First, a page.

The Color of Death
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Lee Mandel spent a lot of time looking over his shoulder. It came with the job. But as he stretched contentedly in the February sun, he wasn't thinking about watching his back. He was smiling at the server who had the lithe body and optimism only people under thirty could manage.
"Hey, you sure you've got the best shrimp on Sanibel Island?" Lee teased.
"You bet your ass, sir."
Lee laughed and waved off the server. "I'll have the usual. And coffee as fast as your big feet can manage. Oh, and bring a couple extra to-go bags, okay?"
The young man grinned, reached behind his back, and pulled out two white paper bags with the café's Soup Or Shrimp logo printed in bright red down the side.
"These do?" He dropped them in front of Lee. "I grabbed them as soon as I saw you coming up the stairs."
Uneasiness snaked through Lee. He was becoming predictable. In his business that was not only stupid, it was dangerous. But he hadn't seen anyone following him when he drove over the bridges from the mainland to Sanibel Island. Besides, once the contents of the courier packet were transferred to a wrinkled takeout bag, no one would suspect what Lee knew for a fact: the gems were worth a million, minimum. Wholesale.
In the future, he'd use something even less noticeable, maybe a brown paper bag like the winos. Usually the couriers who were carrying unique goods didn't have to worry as much as the guys carrying watches and engagement rings.
Usually, but not always.
For the last few years there had been rumors of a new gang working, one that targeted only the very highest end of portable and valuable goods. The good news was that the gang wasn't as rough as the South Americans. The new boys were slick and quiet.
The server and his tight butt disappeared back into the dark, smoky café, leaving Lee alone to enjoy the winter sun. He shifted his chair so that his back was to the wall of the building and wondered what his sister, Kate, was doing now that she'd finished cutting and polishing the Seven Sins. Probably she was getting ready to hit the gem show circuit again and see if she could find some rough that would repay her time and effort to cut it.
Maybe if Mom and Dad let up on the grandchild subject, she'd slow down and find a good man. As it is, they're driving her nuts as surely as they drove me.
Guilt whispered through him. He should tell his parents. He really should, especially now that he'd found the man he wanted to spend his life with. He just didn't want the crap that would come after he came out of the closet, the tears and the where-did-we-go-wrong questions.
His parents hadn't gone wrong. He just wasn't the son they'd expected. End of sad story.
Conversation floated around Lee. Some of it came from the open-air ground-level parking lot directly under him. Nearly everything on Sanibel Island was built on stilts. When the hurricanes came, most of the mess just washed through underneath the buildings, leaving the higher living quarters more or less intact.
"But I want to see the treasure!"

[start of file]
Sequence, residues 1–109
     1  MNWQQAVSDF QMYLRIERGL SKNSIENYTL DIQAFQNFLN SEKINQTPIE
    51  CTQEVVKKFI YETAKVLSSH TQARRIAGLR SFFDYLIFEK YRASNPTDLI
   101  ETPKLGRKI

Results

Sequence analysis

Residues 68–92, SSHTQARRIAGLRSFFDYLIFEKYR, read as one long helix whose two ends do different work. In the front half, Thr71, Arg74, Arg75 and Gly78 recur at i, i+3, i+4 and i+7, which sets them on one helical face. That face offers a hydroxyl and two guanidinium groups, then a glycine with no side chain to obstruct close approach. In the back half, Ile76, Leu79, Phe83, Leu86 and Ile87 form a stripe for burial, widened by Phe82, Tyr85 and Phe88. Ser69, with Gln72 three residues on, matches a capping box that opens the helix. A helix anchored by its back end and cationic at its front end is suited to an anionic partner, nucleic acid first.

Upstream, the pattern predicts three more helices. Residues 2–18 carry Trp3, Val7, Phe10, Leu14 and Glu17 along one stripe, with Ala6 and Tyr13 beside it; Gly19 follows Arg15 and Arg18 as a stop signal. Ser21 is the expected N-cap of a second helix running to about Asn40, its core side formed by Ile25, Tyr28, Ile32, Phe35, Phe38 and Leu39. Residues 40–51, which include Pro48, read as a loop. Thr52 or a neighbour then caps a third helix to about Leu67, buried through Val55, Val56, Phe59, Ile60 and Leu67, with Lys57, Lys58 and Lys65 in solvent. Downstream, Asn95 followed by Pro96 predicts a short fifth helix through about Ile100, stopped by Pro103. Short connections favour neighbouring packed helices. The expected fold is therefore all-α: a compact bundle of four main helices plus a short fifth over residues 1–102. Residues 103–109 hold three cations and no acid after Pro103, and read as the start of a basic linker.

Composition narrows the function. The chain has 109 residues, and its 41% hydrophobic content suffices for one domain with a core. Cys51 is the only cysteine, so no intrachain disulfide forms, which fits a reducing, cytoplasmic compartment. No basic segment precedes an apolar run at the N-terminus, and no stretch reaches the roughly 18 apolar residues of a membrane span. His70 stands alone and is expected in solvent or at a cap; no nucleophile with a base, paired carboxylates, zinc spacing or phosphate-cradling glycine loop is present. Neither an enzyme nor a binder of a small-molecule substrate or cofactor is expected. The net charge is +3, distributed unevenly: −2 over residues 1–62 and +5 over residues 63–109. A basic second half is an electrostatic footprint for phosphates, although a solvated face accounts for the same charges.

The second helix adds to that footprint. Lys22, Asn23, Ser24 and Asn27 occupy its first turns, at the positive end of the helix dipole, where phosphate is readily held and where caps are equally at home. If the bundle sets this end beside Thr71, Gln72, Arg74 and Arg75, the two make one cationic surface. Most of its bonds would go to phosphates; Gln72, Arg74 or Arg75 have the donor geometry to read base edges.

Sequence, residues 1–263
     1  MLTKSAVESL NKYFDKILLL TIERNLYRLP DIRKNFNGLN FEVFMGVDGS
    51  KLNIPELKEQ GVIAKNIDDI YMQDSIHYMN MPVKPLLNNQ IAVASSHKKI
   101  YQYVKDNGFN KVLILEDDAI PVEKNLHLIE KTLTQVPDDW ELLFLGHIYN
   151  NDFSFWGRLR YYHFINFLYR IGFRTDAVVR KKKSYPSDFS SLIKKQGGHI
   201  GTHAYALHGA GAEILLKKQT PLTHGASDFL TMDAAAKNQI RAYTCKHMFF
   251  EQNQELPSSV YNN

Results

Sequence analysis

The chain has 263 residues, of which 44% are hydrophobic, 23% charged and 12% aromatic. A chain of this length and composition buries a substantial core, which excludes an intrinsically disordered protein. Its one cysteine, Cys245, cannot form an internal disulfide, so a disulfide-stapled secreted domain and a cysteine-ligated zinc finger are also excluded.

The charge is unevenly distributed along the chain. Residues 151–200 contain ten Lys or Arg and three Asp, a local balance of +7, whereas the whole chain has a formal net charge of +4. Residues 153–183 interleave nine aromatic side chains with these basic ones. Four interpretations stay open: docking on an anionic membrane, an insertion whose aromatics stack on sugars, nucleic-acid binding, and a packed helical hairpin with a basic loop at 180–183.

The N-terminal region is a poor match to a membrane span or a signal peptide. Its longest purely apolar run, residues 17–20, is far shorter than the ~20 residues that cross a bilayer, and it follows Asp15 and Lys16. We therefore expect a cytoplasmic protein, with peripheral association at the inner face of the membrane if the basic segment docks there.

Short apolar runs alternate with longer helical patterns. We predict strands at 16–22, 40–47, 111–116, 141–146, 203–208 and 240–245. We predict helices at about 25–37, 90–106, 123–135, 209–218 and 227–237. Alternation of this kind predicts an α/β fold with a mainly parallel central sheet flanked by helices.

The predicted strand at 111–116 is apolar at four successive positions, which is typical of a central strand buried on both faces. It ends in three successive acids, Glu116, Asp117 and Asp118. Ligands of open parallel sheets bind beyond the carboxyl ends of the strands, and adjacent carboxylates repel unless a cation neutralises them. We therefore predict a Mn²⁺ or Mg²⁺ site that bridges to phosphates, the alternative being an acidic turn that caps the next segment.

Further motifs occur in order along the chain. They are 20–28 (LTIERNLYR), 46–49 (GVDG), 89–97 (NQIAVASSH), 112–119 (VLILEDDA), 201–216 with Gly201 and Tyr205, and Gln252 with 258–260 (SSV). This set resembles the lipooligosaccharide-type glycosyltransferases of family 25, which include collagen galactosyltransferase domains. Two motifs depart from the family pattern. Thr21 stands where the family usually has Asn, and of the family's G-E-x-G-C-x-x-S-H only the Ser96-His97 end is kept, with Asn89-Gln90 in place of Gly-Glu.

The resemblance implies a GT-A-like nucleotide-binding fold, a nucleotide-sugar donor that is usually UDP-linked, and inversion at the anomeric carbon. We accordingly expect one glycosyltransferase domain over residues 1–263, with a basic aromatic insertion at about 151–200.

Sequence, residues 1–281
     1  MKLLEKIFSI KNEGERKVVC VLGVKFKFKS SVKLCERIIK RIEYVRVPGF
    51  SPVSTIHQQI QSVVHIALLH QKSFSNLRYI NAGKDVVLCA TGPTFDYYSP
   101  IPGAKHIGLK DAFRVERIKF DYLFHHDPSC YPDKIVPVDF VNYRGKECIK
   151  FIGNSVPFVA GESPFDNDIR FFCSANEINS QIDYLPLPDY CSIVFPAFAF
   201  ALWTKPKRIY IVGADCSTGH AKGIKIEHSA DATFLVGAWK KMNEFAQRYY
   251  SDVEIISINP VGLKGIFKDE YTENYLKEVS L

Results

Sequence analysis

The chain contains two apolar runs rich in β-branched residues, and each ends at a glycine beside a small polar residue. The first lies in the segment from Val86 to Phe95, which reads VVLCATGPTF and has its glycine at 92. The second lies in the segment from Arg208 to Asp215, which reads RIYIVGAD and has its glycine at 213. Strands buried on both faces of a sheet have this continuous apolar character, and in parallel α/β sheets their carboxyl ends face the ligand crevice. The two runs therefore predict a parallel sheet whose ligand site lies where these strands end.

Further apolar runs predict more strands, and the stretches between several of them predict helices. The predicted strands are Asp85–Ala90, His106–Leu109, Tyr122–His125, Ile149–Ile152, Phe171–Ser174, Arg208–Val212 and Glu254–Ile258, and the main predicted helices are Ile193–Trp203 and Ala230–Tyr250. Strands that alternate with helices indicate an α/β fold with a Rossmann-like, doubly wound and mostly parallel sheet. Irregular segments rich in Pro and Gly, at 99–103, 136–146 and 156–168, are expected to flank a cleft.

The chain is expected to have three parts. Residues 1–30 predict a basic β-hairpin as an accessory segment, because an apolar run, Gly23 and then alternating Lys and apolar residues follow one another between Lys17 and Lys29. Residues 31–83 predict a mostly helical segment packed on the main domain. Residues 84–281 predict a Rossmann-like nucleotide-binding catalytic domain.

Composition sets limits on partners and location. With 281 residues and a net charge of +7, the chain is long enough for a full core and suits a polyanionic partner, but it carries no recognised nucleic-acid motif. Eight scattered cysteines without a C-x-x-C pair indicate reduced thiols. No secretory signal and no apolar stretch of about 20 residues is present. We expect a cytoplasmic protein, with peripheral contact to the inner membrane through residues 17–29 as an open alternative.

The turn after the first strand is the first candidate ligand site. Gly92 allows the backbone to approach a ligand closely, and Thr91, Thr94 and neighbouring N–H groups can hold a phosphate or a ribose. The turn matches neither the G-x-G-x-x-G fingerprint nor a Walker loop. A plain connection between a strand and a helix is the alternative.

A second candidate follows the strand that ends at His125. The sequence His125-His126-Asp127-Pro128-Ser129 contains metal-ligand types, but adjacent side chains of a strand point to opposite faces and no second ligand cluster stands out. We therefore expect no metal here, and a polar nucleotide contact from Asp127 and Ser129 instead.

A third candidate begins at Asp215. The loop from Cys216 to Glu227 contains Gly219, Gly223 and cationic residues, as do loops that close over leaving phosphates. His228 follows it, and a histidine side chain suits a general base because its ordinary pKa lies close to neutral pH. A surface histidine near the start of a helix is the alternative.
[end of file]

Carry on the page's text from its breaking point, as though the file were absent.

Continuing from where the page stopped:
The young girl's voice was high, stubborn, and all too clear as she emerged from a car out in the sunstruck parking lot that tourists invariably chose. Lee smiled slightly at the idea of sizzling upholstery and steering wheels too hot to hold, and he wondered if the snowbirds were afraid of the shadows between the pillars holding up the small shopping center.
"We saw the Atocha stuff last year. Big deal." The parental voice was frayed and impatient. "All they want to do in that so-called museum is sell overpriced pieces of eight to the next sucker coming through the door."
"I don't care. I want to see the gold coins and emeralds."
Lee tuned out the girl's whine even as he wondered what she would say if she saw the seven extraordinary sapphires that were locked in the trunk of his car. Most of the time he didn't know what he was carrying in the anonymous packets he took from point A to point B for various courier companies, including the one his family owned. He enjoyed the freedom of being freelance. On this job, he just happened to be the son of the company's owner and the brother of the cutter, so he knew what the Seven Sins were and how much they were worth.
Kate had been so excited about being commissioned to cut the extra fine quality sapphire rough that she'd called him and described the stones to him the way he'd describe a lover. He'd visited her twice in Arizona and been amazed at the progress from shapeless, dull bluish stone to exquisitely faceted gems that burned with an extraordinary blue color.
He'd enjoyed watching Kate's excitement. For once it had seemed like she was years younger than he was, instead of eight years older. Not that he blamed her for being thrilled. It was a real coup for a relatively young cutter to score a high-end job like the rough from Arthur McCloud, one of the foremost collectors of gemstones in the world. She'd even asked that Lee courier the rough to her and then courier the cut and polished Seven Sins back to McCloud. Keeping it in the family, as it were.
Squinting against the sun, Lee stared at the modest watch
strapped to his left wrist. Quarter of eleven. Plenty of time. From
the café, it was maybe fifteen minutes over a small bridge connecting
Sanibel and Captiva islands. With luck he'd have an hour after
he dropped off the stones on Captiva to go shelling on the falling
tide and still make his flight out of Fort Myers to Los Angeles.
Excerpted from The Color of Death by Elizabeth Lowell. Copyright © 2004 by Elizabeth Lowell. All rights reserved. No part of this excerpt may be reproduced or reprinted without permission in writing from the publisher.